Incidence and Mortality Related to Gastrointestinal Bleeding, and the Effect of Tranexamic Acid on Gastrointestinal Bleeding

Ylva Scherdin, Ingvar Halldestam, Stefan Redeen


Background: Gastrointestinal bleeding is a common and potentially life-threatening condition. The incidence of gastrointestinal bleeding has not decreased despite new prophylaxis and treatments. Ulcer is still one of the most common etiologies for upper gastrointestinal bleeding. It is routinely treated with proton pump inhibitors (PPIs) and endoscopic interventions, sometimes endovascular procedures, and rarely today, open surgery with suture to stop the bleeding. The fibrinolytic tranexamic acid (TXA) has a role in bleeding treatment, and is routinely used for example within trauma care, postpartum bleeding and orthopedic surgery. The aim of this study is to assess the incidence of gastrointestinal bleeding. A further aim was to investigate if TXA has any role in medical treatment of gastrointestinal bleeding today.

Methods: We performed a retrospective cohort study with a review of medical records, involving patients with clinical signs of gastrointestinal bleeding and endoscopically verified ulcers between the years of 2010 and 2016 at the University Hospital of Linkoping, Sweden. The cities of Motala and Linkoping have the primary acute admissions at this Hospital.

Results: We found in total 1,331 patients with gastrointestinal bleeding. The overall incidence for patients with gastrointestinal bleeding was 98.6 (98.6/100,000 inhabitants and year). For those with endoscopically verified ulcer (386 patients), the incidence for peptic ulcer was 28.6/100,000/year. In the group with endoscopically verified ulcer, 25 patients died, giving the 30-day mortality of 6.4%. TXA is still used for treatment of bleeding ulcers. We had two groups, those with and without TXA treatment. They were equal in age, gender and comorbidity. Clinically we saw no major differences in respect to hemodynamic stability. There were more patients with overt bleeding symptoms in the TXA group. We also saw more patients in need of intensive care in the TXA group.

Conclusions: The incidence of gastrointestinal bleeding has not significantly decreased during the last years. There was no significant positive effect of TXA in patients with upper gastrointestinal bleeding in this study. The difference between the two groups is probably more a question of whom we treat with TXA (e.g., the patients in worse condition or at higher risk) than a difference in drug effect. It is time to quit with TXA treatment in all patients with gastrointestinal bleeding, even those at intensive care unit (ICU).

Gastroenterol Res. 2021;14(3):165-172


Incidence; Gastrointestinal bleeding; Melena; Gastroscopy; Ulcer; Re-bleeding; Tranexamic acid; Mortality

Full Text: HTML PDF

Browse  Journals  


Journal of Clinical Medicine Research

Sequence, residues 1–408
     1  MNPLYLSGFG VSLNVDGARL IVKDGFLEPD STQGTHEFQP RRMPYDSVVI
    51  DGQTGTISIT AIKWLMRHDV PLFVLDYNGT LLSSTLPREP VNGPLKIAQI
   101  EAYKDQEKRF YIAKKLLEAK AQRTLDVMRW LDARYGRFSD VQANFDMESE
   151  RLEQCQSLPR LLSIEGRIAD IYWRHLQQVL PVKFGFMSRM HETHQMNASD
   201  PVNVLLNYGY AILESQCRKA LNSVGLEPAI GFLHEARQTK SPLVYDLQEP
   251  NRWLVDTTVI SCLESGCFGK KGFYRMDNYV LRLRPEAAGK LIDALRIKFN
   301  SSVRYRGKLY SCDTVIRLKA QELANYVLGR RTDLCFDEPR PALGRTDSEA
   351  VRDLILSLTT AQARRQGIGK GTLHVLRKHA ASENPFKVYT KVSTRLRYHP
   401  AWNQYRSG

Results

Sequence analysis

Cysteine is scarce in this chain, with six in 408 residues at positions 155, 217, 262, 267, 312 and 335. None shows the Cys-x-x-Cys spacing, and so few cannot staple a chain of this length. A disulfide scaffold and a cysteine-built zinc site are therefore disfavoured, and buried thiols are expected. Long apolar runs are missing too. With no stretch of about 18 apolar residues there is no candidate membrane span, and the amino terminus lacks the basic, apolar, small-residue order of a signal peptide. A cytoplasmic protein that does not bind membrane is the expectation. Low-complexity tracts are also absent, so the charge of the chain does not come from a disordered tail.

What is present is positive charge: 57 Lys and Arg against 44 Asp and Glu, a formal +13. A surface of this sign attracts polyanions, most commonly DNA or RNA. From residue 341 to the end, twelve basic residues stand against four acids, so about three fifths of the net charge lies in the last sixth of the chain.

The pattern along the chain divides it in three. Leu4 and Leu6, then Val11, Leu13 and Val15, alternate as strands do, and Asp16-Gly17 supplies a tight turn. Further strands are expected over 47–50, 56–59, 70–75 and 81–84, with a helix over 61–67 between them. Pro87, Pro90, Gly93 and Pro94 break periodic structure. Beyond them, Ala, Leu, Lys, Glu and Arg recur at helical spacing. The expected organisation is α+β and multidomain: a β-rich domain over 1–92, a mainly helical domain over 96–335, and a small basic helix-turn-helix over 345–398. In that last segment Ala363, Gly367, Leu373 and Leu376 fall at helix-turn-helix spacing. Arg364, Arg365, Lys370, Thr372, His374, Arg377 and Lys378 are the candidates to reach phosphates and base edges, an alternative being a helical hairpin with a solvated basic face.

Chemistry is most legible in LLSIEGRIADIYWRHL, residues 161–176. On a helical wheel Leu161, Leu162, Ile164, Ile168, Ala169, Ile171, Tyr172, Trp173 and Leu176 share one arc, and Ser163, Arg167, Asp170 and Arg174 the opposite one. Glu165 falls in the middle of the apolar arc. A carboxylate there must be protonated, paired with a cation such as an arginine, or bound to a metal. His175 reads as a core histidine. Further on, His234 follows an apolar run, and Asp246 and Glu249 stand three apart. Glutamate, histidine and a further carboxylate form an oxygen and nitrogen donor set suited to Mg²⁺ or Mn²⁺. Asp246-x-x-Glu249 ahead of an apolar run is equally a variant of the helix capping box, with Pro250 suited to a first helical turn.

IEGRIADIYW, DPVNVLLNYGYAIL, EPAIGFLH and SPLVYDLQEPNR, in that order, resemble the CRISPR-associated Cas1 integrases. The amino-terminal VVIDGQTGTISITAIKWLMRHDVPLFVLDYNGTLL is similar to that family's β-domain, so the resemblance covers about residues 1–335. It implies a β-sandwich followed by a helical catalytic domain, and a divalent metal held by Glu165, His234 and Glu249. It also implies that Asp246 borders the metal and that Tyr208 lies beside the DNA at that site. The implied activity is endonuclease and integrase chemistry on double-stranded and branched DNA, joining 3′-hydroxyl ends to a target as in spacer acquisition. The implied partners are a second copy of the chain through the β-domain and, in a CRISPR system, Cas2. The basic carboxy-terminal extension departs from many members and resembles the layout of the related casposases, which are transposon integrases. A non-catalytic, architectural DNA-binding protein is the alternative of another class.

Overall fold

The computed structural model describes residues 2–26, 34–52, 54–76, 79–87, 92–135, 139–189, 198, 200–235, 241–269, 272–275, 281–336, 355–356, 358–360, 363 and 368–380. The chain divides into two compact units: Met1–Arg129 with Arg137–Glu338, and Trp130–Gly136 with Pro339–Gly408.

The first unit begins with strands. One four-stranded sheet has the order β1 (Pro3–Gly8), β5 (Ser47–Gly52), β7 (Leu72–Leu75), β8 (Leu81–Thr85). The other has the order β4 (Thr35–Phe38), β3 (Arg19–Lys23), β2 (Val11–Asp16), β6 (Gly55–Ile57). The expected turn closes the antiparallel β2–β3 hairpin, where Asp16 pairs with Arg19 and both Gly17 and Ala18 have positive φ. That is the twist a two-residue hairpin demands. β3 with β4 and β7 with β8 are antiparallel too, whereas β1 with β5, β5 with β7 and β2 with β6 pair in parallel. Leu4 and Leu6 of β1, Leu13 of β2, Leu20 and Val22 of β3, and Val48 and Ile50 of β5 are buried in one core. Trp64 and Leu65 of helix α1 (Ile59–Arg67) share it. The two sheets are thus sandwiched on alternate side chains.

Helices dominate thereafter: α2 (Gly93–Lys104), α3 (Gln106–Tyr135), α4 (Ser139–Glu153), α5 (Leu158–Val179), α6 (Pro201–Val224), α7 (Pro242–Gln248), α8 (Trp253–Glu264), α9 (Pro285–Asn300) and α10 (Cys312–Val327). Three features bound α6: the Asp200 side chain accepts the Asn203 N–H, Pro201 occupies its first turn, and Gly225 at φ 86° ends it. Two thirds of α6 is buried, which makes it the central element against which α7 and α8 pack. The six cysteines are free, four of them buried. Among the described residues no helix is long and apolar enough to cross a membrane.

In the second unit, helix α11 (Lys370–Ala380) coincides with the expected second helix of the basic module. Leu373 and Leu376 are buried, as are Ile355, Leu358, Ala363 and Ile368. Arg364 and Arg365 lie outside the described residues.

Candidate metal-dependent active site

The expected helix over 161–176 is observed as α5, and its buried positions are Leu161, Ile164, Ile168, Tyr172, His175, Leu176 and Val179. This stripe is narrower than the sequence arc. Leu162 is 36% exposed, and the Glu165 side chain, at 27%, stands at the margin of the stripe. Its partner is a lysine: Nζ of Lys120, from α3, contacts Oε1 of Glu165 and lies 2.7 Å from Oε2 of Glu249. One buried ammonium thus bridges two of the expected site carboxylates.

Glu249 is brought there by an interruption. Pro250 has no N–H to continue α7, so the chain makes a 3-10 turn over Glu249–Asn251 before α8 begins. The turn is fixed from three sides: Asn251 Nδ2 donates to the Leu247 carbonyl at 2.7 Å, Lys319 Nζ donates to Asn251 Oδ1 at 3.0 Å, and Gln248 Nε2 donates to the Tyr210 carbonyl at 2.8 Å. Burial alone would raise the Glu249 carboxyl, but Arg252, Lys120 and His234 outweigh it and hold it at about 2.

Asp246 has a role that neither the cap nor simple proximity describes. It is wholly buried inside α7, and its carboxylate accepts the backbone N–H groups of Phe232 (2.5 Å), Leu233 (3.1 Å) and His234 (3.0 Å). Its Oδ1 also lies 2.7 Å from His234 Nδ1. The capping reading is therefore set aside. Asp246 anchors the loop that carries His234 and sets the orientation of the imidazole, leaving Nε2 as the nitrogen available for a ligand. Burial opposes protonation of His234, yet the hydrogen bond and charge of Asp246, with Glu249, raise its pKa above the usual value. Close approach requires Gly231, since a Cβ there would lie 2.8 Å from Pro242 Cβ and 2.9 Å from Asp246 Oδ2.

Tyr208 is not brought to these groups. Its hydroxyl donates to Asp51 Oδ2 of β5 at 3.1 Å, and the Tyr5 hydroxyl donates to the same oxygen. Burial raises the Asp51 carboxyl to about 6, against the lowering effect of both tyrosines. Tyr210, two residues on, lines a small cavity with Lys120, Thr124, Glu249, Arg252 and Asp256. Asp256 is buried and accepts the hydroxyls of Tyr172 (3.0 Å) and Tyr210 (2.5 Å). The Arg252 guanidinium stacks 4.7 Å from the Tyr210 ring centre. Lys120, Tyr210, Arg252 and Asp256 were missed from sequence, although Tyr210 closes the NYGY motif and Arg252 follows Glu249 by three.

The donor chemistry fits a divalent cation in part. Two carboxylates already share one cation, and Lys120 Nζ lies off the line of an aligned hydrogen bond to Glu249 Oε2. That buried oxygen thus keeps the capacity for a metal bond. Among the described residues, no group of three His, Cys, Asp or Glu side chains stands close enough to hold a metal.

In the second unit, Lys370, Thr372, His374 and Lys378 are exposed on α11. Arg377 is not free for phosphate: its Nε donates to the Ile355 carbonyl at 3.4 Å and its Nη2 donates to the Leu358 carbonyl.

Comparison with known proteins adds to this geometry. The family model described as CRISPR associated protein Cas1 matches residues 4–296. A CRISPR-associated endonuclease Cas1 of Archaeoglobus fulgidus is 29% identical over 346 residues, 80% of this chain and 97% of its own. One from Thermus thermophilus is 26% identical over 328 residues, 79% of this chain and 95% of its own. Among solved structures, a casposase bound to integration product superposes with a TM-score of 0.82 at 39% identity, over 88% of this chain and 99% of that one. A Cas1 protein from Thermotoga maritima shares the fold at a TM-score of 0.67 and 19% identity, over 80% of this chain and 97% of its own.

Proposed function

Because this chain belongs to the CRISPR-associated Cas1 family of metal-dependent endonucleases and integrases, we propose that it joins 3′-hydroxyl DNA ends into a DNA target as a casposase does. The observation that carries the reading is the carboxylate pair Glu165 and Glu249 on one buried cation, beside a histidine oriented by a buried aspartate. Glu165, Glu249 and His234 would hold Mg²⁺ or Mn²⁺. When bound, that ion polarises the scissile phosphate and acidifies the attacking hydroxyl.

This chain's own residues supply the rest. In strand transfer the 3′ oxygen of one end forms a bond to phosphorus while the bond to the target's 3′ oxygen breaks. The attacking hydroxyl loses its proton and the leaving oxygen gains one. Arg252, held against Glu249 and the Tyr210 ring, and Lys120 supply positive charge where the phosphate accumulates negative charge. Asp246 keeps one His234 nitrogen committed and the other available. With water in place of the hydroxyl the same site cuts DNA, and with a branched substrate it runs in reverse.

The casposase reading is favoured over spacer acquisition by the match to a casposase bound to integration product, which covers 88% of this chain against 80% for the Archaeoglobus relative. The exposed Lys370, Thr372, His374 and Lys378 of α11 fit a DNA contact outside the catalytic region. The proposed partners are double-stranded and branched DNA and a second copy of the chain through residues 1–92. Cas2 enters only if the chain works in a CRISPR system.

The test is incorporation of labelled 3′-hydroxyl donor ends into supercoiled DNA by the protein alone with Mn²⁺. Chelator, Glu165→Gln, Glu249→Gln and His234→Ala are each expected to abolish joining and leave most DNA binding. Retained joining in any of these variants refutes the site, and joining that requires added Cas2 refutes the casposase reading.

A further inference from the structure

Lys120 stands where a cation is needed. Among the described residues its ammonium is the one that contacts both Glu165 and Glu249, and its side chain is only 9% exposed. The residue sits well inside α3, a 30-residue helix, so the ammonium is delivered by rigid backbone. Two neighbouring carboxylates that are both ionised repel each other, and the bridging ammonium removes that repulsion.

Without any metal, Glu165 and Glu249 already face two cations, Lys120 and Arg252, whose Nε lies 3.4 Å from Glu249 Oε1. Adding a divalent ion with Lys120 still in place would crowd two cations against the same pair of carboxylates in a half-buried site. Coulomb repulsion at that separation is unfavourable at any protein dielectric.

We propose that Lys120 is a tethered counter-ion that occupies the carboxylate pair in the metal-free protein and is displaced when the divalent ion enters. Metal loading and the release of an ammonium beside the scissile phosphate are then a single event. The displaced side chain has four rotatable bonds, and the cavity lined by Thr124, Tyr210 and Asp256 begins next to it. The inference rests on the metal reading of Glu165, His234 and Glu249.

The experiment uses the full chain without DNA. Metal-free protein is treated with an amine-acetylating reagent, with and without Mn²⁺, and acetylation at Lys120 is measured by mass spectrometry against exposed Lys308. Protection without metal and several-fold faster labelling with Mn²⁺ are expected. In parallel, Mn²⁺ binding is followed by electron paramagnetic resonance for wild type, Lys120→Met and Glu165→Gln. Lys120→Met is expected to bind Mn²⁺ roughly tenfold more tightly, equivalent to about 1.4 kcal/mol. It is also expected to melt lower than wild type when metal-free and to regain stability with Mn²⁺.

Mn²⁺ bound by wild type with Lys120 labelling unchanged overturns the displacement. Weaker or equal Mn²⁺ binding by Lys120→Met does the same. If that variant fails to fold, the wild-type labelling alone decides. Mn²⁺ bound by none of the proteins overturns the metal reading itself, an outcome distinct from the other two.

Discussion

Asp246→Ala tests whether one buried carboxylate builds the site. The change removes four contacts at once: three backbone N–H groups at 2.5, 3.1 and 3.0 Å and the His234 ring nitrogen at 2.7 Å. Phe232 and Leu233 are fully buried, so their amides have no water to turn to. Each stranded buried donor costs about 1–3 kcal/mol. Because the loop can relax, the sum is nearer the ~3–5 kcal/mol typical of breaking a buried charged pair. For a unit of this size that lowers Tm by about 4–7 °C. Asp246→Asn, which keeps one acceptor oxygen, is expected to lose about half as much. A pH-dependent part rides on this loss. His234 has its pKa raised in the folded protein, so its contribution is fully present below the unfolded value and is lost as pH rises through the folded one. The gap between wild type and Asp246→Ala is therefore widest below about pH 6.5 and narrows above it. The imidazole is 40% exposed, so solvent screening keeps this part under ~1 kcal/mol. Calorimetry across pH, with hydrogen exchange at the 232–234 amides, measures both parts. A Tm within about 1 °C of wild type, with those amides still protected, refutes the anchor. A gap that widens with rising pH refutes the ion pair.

Journal of Endocrinology and Metabolism

Journal of Clinical Gynecology and Obstetrics


World Journal of Oncology

Gastroenterology Research

Journal of Hematology


Journal of Medical Cases

Journal of Current Surgery

Clinical Infection and Immunity


Cardiology Research

World Journal of Nephrology and Urology

Cellular and Molecular Medicine Research


Journal of Neurology Research

International Journal of Clinical Pediatrics



Gastroenterology Research, bimonthly, ISSN 1918-2805 (print), 1918-2813 (online), published by Elmer Press Inc.                     
The content of this site is intended for health care professionals.

This is an open-access journal distributed under the terms of the Creative Commons Attribution-NonCommercial 4.0 International License, which permits unrestricted
non-commercial use, distribution, and reproduction in any medium, provided the original work is properly cited.
Creative Commons Attribution license (Attribution-NonCommercial 4.0 International CC-BY-NC 4.0)

This journal follows the International Committee of Medical Journal Editors (ICMJE) recommendations for manuscripts submitted to biomedical journals,
the Committee on Publication Ethics (COPE) guidelines, and the Principles of Transparency and Best Practice in Scholarly Publishing.

website:   editorial contact:
Address: 9225 Leslie Street, Suite 201, Richmond Hill, Ontario, L4B 3H6, Canada

© Elmer Press Inc. All Rights Reserved.

Disclaimer: The views and opinions expressed in the published articles are those of the authors and do not necessarily reflect the views or opinions of the editors and Elmer Press Inc. This website is provided for medical research and informational purposes only and does not constitute any medical advice or professional services. The information provided in this journal should not be used for diagnosis and treatment, those seeking medical advice should always consult with a licensed physician.